Information You Can Use
Find Behavioral Health Services in your area
Need someone to talk to? Interested in receiving counseling or other behavioral health services? Use the link below to visit Great Rivers Behavioral Health. When you click “Find a Behavioral Health Provider in your Community” you can choose your county, and find a list of options in your area.
Raising Drug-Free Kids
As parents, you want what is best for your child. You want them to be healthy, safe and successful in achieving their goals. Unfortunately, underage drinking and drug use can lead to serious problems that interfere with your hopes and dreams for them.
This downloadable brochure provided by the Washington Healthy Youth Coalition offers information about the risks of drug and alcohol usage in adolescents, steps you can take to keep your children healthy and safe and how to spot signs of alcohol or drug usage.
A Parent’s Guide to Preventing Underage Marijuana Use
Since marijuana use became legal in Washington State for adults 21 and older, you may have heard different opinions about whether it is safe to use. You may not be sure what Washington’s laws are, or how marijuana use can affect young people.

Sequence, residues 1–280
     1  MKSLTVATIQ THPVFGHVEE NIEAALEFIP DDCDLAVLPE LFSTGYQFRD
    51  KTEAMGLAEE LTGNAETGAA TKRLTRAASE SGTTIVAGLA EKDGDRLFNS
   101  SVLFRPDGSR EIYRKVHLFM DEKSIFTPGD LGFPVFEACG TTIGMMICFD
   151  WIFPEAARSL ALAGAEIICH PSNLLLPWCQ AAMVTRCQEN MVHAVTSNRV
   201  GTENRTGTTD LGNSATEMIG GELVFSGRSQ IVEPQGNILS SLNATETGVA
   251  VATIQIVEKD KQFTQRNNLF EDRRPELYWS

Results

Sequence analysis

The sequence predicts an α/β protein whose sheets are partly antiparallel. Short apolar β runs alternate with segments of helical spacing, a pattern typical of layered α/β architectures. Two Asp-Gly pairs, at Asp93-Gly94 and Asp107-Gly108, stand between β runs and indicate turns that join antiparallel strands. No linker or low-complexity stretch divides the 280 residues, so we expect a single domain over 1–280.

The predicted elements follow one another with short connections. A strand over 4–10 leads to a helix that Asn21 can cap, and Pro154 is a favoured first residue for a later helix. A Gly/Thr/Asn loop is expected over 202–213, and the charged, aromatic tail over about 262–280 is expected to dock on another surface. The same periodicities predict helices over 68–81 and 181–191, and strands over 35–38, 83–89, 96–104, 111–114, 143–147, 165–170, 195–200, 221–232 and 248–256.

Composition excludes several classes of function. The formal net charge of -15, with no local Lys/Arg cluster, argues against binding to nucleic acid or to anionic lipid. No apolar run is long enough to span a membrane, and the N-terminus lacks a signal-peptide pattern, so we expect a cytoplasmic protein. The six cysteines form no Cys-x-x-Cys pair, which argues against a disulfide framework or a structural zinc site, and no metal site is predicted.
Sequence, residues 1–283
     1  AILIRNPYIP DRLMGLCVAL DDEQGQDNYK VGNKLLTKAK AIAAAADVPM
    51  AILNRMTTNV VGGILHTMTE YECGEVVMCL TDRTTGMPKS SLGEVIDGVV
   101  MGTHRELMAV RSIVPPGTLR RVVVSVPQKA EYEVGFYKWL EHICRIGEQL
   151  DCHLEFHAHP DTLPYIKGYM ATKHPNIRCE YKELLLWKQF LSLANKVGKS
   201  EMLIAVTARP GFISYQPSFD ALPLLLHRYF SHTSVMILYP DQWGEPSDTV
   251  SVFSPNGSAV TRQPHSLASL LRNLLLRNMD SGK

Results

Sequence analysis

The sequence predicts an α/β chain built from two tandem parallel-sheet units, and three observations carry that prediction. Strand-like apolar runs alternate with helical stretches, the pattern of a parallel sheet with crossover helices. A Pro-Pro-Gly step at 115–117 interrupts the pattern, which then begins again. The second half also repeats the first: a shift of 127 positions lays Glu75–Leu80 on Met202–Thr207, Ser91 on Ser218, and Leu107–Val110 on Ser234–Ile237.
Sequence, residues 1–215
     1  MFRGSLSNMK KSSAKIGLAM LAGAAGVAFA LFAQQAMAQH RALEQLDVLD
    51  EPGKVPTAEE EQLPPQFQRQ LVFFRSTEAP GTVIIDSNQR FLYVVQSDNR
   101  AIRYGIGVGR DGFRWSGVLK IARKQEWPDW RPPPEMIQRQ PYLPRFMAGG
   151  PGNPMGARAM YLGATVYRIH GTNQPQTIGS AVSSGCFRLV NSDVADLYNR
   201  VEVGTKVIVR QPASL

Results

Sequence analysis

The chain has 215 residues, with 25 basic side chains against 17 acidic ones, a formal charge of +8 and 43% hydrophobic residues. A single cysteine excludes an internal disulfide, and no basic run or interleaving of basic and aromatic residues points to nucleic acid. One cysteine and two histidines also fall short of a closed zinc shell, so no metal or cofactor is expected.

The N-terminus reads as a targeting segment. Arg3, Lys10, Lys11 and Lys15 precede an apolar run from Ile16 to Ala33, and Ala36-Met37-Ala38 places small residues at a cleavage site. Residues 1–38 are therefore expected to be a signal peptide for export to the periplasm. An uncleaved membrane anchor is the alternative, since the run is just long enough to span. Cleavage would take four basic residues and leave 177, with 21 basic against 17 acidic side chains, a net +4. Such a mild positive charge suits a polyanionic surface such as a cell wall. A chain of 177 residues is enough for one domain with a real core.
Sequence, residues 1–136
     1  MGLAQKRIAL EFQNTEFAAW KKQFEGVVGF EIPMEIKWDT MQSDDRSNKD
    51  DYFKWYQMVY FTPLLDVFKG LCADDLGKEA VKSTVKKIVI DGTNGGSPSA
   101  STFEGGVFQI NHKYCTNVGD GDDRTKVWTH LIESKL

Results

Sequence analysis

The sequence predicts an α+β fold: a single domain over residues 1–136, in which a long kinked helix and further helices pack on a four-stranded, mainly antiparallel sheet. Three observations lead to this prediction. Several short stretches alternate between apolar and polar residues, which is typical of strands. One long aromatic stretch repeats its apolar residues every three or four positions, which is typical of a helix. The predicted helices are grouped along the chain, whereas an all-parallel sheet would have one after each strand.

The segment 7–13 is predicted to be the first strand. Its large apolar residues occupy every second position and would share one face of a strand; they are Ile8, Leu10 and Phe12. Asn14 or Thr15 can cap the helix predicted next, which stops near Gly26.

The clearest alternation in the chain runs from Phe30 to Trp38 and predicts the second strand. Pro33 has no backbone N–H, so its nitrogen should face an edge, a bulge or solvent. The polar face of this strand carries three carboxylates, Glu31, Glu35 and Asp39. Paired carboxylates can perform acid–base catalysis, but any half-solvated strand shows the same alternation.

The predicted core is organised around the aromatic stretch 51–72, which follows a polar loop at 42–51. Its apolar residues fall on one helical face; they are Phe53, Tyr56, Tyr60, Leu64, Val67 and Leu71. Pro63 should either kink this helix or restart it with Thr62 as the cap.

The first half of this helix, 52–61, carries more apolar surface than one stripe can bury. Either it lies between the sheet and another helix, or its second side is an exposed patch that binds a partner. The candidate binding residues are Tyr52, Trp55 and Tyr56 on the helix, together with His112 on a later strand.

This informational brochure is provided by Seattle Children’s
Marijuana: Know the Facts
Marijuana is now legal in Washington State for adults 21 and older but there are nuances to the laws surrounding it’s legal status. This quick guide gives 10 facts that clear common misconceptions and clarify legal limits and penalties.
This informational brochure provided by The Washington State Liquor and Cannabis Board
Preventing Opioid Abuse
Opioids are a class of drugs commonly used to reduce pain. The illegal drug heroin is an opioid, as are many of the prescription pain relievers prescribed by doctors, including oxycodone, hydrocodone, codeine, morphine, and many others. Opioids can negatively affect the reward center in the brain, leading users to need more and more over time. As a result, these drugs can be highly addictive.
Adverse Childhood Experiences (ACEs) can include physical, sexual, or emotional abuse, substance misuse in the household, physical neglect, and other experiences that can adversely impact a child. A study published by CDC-Kaiser Permanente in 1998 showed a direct correlation between ACEs and health complications later in life. Knowing the impact these experiences can have, and using a trauma-informed approach to interactions is important for adults that work with children and teens.
Over 100 runners and walkers participated in the "R U OK? Fun Run for Mental Health Awareness". GPS took action to help improve the chance of recovery in our community, and hosted booths from SeaMar, and Titus the therapy dog. Thank you to everyone who turned out and...read more